Don’t I need to have an MRI before you can help me in physical therapy so that you know where my low back pain is coming from?
That is a common question that we as physical therapists will get when beginning treatment of a person with low back pain. The answer to that question is a resounding NO! In the absence of serious signs that we call red flags, imaging is NOT necessary and can in fact be counter productive. Once someone is told that they have a specific pathology and have seen the images of their pathology, that person can develop fear and anxiety about moving or doing activities of daily life. This can lead to worsening pain, depression, and chronic pain. By doing a thorough examination, we can determine our physical therapy treatment plan based on the person’s presentation. We can also make some assumptions about the underlying pathology based on our examination findings and the person’s response to initial treatments. This process will also avoid the unnecessary expense of imaging. See the image below of the “musculoskeletal funnel” taken from Richard Zhao and Jim Hoyme.
With early imaging here is also a high risk of false positive findings due to the large presence of abnormal findings on MRI’s and CT Scans of asymptomatic people. See the table below taken from an article in the American Society from Neuroradiology based on advanced imaging of 3,110 asymptomatic individuals. (Systematic Literature Review of Imaging Features of Spinal Degeneration in Asymptomatic Populations by W. Brinjikji et al. in Nov 27, 2014 as 10.3174/ajnr.A4173).
Additionally, disc pathology has the potential to heal without surgery and should be given the change to heal prior to advanced imaging in the absence of red flag symptoms. A recent article in the New England Journal of Medicine (Images in Clinical Medicine: Resolution of Lumbar Disk Herniation without Surgery by Jennifer Hong, M.D., and Perry A. Ball, M.D. N Engl J Med 2016; 374:1564 April 21, 2016DOI: 10.1056/NEJMicm1511194) showed a MRI of a large disk herniation (Image A below) resulting in substantial spinal stenosis (narrowing of the spinal canal) and nerve root compression in a 29 year old female who was presenting with low back pain and right leg pain with paresthesia (tingling). This patient elected not to have surgery and her symptoms resolved with conservative management including physical therapy and a steroid injection. Five months after her original MRI, a second MRI was done which showed resolution of the disc herniation (Image B below).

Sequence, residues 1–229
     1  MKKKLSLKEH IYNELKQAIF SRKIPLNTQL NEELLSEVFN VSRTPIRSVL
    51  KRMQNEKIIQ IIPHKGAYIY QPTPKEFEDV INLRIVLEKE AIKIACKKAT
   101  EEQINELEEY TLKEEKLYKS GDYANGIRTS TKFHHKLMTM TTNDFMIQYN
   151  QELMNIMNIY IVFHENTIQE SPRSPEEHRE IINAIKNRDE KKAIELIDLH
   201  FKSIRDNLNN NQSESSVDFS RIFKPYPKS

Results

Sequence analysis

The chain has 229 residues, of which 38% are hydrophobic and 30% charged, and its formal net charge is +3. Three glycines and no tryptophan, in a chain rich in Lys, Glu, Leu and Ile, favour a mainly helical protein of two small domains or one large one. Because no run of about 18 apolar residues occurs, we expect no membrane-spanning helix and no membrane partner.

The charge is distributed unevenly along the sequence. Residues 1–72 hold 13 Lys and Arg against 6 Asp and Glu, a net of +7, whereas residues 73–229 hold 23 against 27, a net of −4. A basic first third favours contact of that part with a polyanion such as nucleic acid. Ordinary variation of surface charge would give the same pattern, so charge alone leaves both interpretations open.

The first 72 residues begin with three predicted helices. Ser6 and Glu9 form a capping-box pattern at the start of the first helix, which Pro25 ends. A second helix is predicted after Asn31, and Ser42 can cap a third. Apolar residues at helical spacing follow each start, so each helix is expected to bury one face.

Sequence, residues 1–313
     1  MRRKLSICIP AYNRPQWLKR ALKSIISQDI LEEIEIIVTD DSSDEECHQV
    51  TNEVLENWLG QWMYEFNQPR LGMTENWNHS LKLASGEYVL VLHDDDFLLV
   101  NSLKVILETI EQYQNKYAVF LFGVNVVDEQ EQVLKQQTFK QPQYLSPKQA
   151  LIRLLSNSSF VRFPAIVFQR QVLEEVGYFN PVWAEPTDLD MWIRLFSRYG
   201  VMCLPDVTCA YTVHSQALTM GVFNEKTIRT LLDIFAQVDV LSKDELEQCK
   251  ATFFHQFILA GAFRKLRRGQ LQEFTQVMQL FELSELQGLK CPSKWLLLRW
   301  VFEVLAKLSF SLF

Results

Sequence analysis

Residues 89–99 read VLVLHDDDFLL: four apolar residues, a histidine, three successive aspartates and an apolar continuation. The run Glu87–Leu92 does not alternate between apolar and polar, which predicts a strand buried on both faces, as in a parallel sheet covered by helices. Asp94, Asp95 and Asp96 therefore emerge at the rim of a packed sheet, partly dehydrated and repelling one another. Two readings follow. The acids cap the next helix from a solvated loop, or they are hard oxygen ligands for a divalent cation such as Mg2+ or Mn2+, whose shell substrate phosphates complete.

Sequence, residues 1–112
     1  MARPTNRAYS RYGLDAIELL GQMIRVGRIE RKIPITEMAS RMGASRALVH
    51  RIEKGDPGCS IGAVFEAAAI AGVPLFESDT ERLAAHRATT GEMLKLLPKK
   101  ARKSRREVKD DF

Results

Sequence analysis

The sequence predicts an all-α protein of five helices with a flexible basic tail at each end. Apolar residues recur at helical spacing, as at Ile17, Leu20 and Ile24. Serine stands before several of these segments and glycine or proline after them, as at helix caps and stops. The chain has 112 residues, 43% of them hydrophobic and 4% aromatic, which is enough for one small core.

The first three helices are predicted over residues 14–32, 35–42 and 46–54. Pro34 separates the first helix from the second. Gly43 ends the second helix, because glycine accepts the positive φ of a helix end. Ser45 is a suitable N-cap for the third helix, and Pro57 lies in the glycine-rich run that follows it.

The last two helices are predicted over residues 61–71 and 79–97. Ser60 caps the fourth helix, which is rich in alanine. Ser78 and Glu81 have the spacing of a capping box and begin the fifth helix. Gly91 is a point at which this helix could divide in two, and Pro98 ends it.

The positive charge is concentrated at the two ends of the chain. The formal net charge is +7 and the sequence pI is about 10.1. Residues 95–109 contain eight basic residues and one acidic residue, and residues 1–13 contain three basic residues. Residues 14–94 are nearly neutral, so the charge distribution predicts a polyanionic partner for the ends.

In this case, if physical therapy was tried first (through direct access to physical therapy or early referral to physical therapy by her primary care medical doctor) then the expense of the MRI and injection could have been potentially avoided. That of course assumes that this person would have gotten better with physical therapy alone. If she would have accessed physical therapy early and was not getting significantly better within 2-4 weeks, or if her symptoms were to rapidly worsen during initial treatments, or if red flag symptoms became present, then the physical therapist would have had her consult with her medical doctor who would have likely then recommended medication(s), advanced imaging, and injections based on the results of the imaging. This person ultimately had an MRI, an injection, and physical therapy, and her symptoms resolved. The second MRI image also proves that a lumbar disk herniation can heal/resolve without surgery.
If you are having low back, please contact me or another one of our many skilled physical therapists at OSI Physical Therapy. We will help you recover from your low back pain with a proven, efficient, and cost effective treatment.
– Steve Schneider, PT, MSPT, CMPT.
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